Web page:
I said: "Fine. We'll sell spray paint and permanent paint markers and such...but with every purchase, we're going to give out your address and instruct them that if they wish to practice their "art" they should feel free to do so there."

He replied: "...well, no...not my house..."

"How about your car then?"

"uhhh, no...that wouldn't be right."

"why not?"

"well, it's my car, man..."

"exactly."


what an idiot.

everton
09-01-2001, 04:50 AM
I'm coming to this one a bit late, but in Sheffield (England) where I used to live, one guy was given a five year prison term for tagging. Here (http://www.graffiti.org/dj/scourge.html) and here (http://www.intanet.com/~dkew/fista.html) are a couple of appropriate links. His sentence was reduced to two years on appeal and he's out of jail now, promising to be a good boy.

It did seem an extreme measure at the time, but the problem had got out of hand - we had thousands of examples of his tag all over the city, there was no attempt at any decorative content or political comment. Without either of these last two things, I'd be inclined to say it's not art IMHO.

Personally, I don't object to people making worthwhile statements, or decorating public places like concrete highway supports, but if a place is already being used for something else or is private property I think marking it is anti-social. There are plenty of examples I could quote, but the freshly painted, cream-coloured wall of my local Chinese restaurant didn't seem an appropriate place for a guy to scribble his name in three-foot-high letters, but that's what he did. Or the long boundary wall to a TV studio that was decorated by a local community art group and was immediately tagged over (two times). We also have a problem with glass etching, especially on the Underground in London. Spray can stuff is generally cleaned off the trains very regularly, but at enormous cost.

Generally, the graffitti situation here in the UK seems to be both better and worse than in the US (from what I can tell). It's worse because the work is generally much poorer quality, and better because there's less of it.

I can't be bothered to look for cites on this (sorry), but there's plenty of anecdotal evidence that many people find it intimidating, especially the elderly, and I don't think that's a reasonable price to pay for taggers to personally mark stuff that belongs to everyone.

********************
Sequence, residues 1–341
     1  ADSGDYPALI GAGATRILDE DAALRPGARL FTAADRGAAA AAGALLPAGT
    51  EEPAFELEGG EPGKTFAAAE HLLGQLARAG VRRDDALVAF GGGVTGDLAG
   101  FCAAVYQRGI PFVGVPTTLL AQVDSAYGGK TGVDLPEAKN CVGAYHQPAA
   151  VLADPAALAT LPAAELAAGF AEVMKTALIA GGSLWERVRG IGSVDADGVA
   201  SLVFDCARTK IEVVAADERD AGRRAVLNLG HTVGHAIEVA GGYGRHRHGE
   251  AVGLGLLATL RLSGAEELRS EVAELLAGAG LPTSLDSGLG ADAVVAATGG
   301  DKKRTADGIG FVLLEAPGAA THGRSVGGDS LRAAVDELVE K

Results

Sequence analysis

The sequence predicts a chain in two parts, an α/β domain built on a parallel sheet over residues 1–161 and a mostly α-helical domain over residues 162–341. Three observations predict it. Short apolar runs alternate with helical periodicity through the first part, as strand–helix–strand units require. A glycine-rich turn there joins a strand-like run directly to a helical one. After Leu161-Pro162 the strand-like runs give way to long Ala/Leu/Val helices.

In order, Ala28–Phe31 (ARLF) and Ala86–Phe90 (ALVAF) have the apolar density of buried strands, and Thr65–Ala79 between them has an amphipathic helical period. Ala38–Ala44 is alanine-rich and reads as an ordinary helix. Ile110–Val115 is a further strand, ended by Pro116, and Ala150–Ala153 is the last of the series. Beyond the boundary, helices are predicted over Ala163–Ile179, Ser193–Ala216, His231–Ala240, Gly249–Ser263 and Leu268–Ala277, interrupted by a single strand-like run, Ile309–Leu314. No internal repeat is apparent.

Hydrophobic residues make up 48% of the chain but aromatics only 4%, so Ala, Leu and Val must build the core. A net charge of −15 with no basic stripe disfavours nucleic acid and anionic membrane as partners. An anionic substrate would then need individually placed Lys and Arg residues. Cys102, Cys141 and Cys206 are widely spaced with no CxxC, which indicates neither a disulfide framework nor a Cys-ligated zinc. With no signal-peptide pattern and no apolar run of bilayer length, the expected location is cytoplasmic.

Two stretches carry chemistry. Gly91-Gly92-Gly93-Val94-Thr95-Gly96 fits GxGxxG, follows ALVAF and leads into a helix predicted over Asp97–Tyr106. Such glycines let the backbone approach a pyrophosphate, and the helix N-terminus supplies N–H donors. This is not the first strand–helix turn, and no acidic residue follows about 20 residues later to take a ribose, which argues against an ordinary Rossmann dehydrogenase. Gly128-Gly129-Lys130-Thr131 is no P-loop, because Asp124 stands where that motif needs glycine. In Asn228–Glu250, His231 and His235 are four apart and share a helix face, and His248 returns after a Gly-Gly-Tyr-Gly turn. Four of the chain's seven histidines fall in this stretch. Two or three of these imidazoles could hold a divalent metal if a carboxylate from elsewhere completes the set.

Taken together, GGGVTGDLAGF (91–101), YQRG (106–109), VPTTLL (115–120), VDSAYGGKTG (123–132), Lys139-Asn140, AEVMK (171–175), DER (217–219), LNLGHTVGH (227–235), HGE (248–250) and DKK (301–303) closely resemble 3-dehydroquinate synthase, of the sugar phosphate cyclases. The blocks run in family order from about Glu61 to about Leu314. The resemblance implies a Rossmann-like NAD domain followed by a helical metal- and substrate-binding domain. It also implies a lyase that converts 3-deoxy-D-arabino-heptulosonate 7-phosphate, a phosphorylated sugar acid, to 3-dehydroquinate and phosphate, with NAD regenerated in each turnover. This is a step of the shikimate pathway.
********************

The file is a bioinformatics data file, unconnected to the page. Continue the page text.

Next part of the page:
mblackwell
09-01-2001, 05:23 AM
I almost never see any artistic grafitti. All I see in the city is "no more prisons" scrawled in plain black, and some sloppy marks that I guess are supposed to be gang symbols.

Out here in the country the only grafitti consists of people's nicknames on rail road bridges.

msmith537
09-01-2001, 09:57 AM
How are gang tags and statements that "Chico RULES!!" art? I'm sorry but grafitti looks like shit. When I see a neighborhood with spray painting all over the buildings it leaves me with an impression that there is no rule of law on that street. If the cops can't even keep kids from defacing the buildings, why should I expect that my home or car would be an safer from theft or vandelism?

Lets face it, 99% of grafitti is not some beautiful mural that the artist created in a Ghetto style using spraypaint. Most of it is chicken scratch written by some 15 yr old who wants the world to know that he "rules". I can piss my name on a wall too. That don't make it art.

lawoot
09-01-2001, 01:11 PM
Originally posted by msmith537
Lets face it, 99% of grafitti is not some beautiful mural that the artist created in a Ghetto style using spraypaint. Most of it is chicken scratch written by some 15 yr old who wants the world to know that he "rules". I can piss my name on a wall too. That don't make it art.

AMEN!